For years, employees have faced increasing premiums and cost-sharing. But how well do they understand the sources of those increases, and how ready are they for employers or policymakers to take action?
Before the clock strikes midnight on December 31, 2023, private employers and other public health care purchasers will have been required to attest to their benefit plan contracts being free of gag clauses.
Robust, comprehensive primary care – a critical foundation for a more cost-effective, high-functioning health system – is equally important in helping boost health equity.
The Consolidated Appropriations Act (CAA) has created both opportunities and risks for employers when it comes to overseeing employee health benefits.
The bipartisan Pharmacy Benefit Manager (PBM) Reform Act advanced out of a key congressional committee this week, paving the way for eventual floor debate of the landmark legislation.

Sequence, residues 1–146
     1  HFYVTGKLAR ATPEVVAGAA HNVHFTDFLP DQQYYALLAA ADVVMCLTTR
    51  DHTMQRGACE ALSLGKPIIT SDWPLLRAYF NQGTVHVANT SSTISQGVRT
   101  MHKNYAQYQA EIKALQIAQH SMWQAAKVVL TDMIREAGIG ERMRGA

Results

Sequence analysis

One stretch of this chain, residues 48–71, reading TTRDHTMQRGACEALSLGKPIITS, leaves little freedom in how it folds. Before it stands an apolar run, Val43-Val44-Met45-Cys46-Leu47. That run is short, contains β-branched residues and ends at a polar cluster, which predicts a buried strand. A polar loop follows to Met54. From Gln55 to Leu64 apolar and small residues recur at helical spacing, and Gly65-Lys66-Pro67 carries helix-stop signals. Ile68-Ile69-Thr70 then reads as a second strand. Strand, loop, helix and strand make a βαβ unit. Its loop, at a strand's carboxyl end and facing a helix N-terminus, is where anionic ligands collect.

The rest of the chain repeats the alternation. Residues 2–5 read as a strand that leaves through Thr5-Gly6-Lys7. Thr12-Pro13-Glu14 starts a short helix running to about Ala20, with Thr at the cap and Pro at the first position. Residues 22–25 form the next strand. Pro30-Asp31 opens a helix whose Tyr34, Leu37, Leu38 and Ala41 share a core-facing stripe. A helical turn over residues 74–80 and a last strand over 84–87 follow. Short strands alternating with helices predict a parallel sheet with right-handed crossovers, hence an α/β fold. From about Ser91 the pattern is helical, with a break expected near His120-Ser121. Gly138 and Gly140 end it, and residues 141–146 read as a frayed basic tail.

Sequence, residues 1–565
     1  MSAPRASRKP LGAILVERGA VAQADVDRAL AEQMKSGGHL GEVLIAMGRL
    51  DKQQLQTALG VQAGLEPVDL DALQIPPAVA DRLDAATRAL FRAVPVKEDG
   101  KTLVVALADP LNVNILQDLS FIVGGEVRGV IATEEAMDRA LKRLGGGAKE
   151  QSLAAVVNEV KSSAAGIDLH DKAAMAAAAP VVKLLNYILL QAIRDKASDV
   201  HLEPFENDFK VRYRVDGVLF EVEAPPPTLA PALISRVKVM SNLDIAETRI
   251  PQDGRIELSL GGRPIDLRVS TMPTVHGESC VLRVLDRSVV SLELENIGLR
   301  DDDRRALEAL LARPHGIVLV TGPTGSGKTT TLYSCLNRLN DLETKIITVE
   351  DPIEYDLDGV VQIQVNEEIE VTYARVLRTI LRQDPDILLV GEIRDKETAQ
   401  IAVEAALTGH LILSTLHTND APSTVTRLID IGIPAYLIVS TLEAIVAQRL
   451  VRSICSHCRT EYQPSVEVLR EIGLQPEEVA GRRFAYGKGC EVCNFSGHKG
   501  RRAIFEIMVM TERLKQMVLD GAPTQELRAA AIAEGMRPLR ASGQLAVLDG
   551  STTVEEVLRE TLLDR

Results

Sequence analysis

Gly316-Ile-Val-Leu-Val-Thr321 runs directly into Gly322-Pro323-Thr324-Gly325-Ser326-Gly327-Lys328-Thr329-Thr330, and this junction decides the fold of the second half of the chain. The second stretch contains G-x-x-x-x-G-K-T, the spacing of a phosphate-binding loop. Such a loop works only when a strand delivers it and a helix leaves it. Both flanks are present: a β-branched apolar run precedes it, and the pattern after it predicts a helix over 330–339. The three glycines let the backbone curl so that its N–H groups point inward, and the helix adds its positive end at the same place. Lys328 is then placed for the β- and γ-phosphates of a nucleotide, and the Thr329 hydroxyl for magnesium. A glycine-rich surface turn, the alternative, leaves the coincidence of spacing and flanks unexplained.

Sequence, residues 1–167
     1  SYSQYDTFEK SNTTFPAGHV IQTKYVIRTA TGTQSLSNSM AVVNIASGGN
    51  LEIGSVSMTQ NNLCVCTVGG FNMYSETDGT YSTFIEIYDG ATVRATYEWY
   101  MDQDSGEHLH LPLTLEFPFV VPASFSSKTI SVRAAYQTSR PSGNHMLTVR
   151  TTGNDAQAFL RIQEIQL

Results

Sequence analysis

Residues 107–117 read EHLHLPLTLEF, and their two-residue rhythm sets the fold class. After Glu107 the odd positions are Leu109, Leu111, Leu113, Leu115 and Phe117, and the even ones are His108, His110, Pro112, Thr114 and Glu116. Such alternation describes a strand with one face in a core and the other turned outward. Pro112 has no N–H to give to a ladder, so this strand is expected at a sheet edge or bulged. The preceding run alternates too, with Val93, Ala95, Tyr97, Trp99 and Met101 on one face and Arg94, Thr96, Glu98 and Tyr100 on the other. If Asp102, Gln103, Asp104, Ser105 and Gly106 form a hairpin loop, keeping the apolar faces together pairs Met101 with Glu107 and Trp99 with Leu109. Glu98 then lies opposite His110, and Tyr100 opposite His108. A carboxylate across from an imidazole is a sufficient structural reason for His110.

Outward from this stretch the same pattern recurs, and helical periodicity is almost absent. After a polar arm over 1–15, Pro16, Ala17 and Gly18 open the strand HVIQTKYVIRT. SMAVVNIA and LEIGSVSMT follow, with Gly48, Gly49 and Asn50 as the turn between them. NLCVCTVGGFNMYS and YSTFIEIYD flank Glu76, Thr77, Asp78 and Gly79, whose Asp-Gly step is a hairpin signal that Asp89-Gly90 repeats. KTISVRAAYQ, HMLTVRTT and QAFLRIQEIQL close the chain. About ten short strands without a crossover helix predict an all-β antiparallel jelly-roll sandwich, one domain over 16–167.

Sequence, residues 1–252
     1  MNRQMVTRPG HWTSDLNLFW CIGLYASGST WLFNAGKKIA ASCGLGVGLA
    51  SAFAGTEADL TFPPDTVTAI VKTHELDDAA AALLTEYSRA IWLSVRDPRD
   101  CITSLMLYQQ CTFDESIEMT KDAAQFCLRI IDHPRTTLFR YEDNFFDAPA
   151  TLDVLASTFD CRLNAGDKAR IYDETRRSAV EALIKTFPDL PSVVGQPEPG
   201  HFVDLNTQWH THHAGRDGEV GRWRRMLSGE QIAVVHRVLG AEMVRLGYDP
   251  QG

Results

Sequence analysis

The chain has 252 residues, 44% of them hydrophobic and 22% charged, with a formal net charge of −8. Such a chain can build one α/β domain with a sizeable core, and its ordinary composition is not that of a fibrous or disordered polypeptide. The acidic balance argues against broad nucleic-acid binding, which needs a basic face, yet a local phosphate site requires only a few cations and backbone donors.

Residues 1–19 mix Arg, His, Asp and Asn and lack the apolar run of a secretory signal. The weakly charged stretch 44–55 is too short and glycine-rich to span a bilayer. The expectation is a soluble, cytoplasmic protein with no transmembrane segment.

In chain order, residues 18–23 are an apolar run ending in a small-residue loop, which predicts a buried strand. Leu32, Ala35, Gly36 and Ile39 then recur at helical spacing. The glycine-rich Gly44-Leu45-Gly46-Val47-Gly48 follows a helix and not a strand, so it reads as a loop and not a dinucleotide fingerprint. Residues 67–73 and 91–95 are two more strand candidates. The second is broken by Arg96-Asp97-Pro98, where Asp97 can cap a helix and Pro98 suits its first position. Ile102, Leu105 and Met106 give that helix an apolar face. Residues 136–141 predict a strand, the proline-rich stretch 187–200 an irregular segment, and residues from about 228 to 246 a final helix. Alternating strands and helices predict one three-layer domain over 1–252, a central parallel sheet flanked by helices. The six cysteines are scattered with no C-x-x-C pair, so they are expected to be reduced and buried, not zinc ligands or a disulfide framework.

A recent survey of more than 1,000 working women found that 40% of women age 50 to 65 years old stated that menopause symptoms interfered with their work performance or productivity on a weekly basis.
More than 2.2 million women of childbearing age live in maternity care deserts, affecting nearly 150,000 babies.
Federal action is essential to curb PBMs’ anti-competitive practices and to require accountability for the industry.
More than 34 million people, including nine million children, lack reliable access to enough food to live active, healthy lives.
The Consolidated Appropriations Act (CAA) of 2021 mandates employer access to new and critically important insights into the prices they’re paying for employee health care services.